Tuesday, 7 February 2017

What a time to be alive.

You know when you're on a plane. And you're frightened of flying? Because you're in a fucking metal tube 35,000 ft up in the sky with no idea who's driving the thing? No idea whether the pilot is even there. He might not be. There may just be an empty cockpit as you hurtle towards your doom. No one knows do they.

You're just herded on, barked orders at (which you're pretty sure will do next to fuck all should the metal tube fall out of the sky) and then that's it. You're at the mercy of the pilot and crew. You have to cross your fingers and hope that none of them are drunk, mad, ill, absent, suicidal, murderous... All possibilities. Actually pretty real possibilities.

And then there are the flight crew. Just unphased by all this. As the sweat starts to prickle in your back and your finger start to twitch as the count down to take off ramps up. You can get off at any time right up until a certain point. Then you can't. No matter what. You're on that plane and you're flying wherever.

It's usually at that point when I stare around wildly (but quietly - I'm a very quiet panicker) wondering how in hell people are ordering cups of coffee and sitting there chatting. Some are even laughing. As if they have no care in the world. Amazing. It gives me a feeling close to awe, and also that I am a bit mental. Because I seem to be the ONLY ONE freaking out at this totally unnatural scenario over which I have no control.

Smiling masks of denial over ever present terror.

I used to feel like this only when I flew.

Now I feel it every day.

What a time to be alive.

Tuesday, 31 January 2017

Lost in Facebook

I remember vaguely when Facebook was fun. Way back in 2006 when we all edged our way away from our hilarious and ironic My Space profiles into the brave new world. It was all so simple then. We found our exes and stalked them. We added people we hadn't spoken to in years. We started ironically sharing statuses about our lunch.

Clearly, we were above this nonsense, but we were doing it anyway. We were banned at work before then being told it was the future of communication so we were unbanned at work. I should explain that work was a communications agency. It started to become important as a channel. An actual channel. For reals.

Twitter spurred on the Arab Spring. No one really know what the fuck they were doing but they did it anyway. It started to get mentioned on panel shows. What is this TWITTER SHIT. What is this nonsense. Who cares what you have to say on Twitter. Who cares what anyone has to say on Twitter.

And then we shuffled sheep-like onto Twitter anyway. Finally, we said. Finally there's somewhere where everyone can have a voice. Where everyone can SAY WHAT THEY THINK. Loudly. And repeatedly. Where people can discuss issues. It's the future of communication, they said. It's the future of dating. Work. Networking. Publishing. Content. Blogs. Vine. Videos. Vloggers.

And then money. People started making money. Youtube channels and Twitter and Insta and Facebook all mixing into one confusing amalgamated whole screaming voice of rage and anger and neurosis and fear and LOOK AT ME.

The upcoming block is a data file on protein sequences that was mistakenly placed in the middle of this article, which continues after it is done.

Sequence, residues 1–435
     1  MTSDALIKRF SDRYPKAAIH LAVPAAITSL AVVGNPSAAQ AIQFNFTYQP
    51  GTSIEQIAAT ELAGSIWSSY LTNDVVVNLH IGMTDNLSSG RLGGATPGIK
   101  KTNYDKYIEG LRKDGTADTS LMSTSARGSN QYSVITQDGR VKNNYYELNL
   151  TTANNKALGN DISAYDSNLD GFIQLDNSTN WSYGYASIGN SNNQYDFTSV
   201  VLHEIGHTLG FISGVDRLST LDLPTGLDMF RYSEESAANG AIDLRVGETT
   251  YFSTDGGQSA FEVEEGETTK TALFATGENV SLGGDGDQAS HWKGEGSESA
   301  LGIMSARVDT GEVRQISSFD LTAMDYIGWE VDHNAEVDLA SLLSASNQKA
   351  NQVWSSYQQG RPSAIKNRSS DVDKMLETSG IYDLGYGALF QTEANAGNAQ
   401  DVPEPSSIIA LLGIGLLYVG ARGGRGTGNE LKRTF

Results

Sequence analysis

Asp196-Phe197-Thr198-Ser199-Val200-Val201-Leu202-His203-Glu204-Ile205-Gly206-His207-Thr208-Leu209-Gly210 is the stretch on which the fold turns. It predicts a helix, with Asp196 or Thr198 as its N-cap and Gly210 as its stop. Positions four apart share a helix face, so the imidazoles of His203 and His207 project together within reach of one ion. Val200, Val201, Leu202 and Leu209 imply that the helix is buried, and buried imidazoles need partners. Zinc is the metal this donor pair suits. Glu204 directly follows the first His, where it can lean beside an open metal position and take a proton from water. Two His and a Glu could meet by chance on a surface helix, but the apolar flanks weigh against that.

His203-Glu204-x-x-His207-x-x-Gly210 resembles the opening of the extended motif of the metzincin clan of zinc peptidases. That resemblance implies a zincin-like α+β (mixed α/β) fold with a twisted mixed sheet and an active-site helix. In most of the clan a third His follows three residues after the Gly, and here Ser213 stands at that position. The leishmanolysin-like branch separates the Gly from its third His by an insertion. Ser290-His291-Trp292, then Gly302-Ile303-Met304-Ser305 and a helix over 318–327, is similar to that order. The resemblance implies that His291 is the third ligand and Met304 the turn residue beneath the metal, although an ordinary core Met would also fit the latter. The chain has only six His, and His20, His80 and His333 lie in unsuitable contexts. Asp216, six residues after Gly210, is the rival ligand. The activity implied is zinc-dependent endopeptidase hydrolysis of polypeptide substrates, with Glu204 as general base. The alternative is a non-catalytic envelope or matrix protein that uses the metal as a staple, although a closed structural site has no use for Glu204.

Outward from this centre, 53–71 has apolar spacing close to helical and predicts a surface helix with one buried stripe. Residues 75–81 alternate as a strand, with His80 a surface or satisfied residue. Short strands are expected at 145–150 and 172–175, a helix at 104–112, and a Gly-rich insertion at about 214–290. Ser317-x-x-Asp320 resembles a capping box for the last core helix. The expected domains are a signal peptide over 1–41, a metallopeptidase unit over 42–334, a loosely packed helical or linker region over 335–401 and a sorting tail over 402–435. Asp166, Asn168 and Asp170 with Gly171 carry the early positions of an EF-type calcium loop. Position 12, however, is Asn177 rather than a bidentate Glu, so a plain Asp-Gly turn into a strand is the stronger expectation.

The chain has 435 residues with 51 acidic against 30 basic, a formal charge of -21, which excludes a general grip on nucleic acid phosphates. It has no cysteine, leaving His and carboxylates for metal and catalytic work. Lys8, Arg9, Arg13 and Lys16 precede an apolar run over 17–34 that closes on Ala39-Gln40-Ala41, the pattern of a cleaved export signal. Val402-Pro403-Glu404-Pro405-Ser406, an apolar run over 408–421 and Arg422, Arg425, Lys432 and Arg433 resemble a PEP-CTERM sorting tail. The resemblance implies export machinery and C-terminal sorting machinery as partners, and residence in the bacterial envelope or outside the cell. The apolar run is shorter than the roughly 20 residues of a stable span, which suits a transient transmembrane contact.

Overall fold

And less than ten years later we're living in a real life dystopian future with a leader of the 'free world' chosen, elected and victorious thanks to his Twitter rants. Those statuses that you get warned about when you have a proper job. Doesn't apply if you're president apparently. The president can fracture and destroy democracy in 140 characters on a daily basis.

Social media isn't social anymore. Social media has arguably created a political crisis in the West. Social media has propagated fake news, given fascists and bigots a safe platform in which to vent, fed the gullible with ideas and allowed everyone to cultivate their timeline to just their preferences. Barely anyone I knew, at least openly, wanted to leave the EU. NO ONE I know supports Trump. And every time I stick my head above the parapet of my safe timeline, I'm shocked. All over again.

So every morning now when I wake up, the first thing I do is look at Facebook. Because it's not a social network now. It's a news network. It's an Armageddon newsfeed delivered in handy bite sized headlines interspersed with pictures of dogs and owls. It's a confusing place of fear and terror and such anger.

Every day I say I won't and every day I get into an argument with a Leaver, or a Trump supporter. Or a racist. Or someone who is laughing at people's distress. And I can't contain the rage. And I hate these people, I HATE them with the force of a thousand suns. Facebook has made me hate.

I stopped looking at Twitter when I dropped out of the video game industry last year. I don't like it. It doesn't interest me. It never hooked me like Facebook did. It didn't have the faux cosy parameters. It seemed like it was for people who liked networking and endless endless look at me jokes. And I hate networking. What kind of bullshit phrase is that anyway.

But now Facebook has sucked everything into its gaping maw of control, I don't need to look at Twitter to see people's Tweets. I see Trump's every day. So I wake up and I look. And I see that the orange dictator of doom, controlled by the spittingly vile Bannon and his Nazi policies, has done something heinous. Every single morning. So I feel sick instantly. And all day I feel sick. Images from Threads overlay everything I do and everything I see. By the way, if you are one of the lucky ones who hasn't seen Threads, I most definitely wouldn't recommend it in today's political climate. Not if you want to sleep again.

I have an anxiety disorder as it is. I have monumental battles again surges of adrenaline and anxiety on a normal day. On a day when it feels very strongly that we're inexplicably falling down a rabbit hole leading to the atrocities of the 1930s, it's threatening to spin out of control.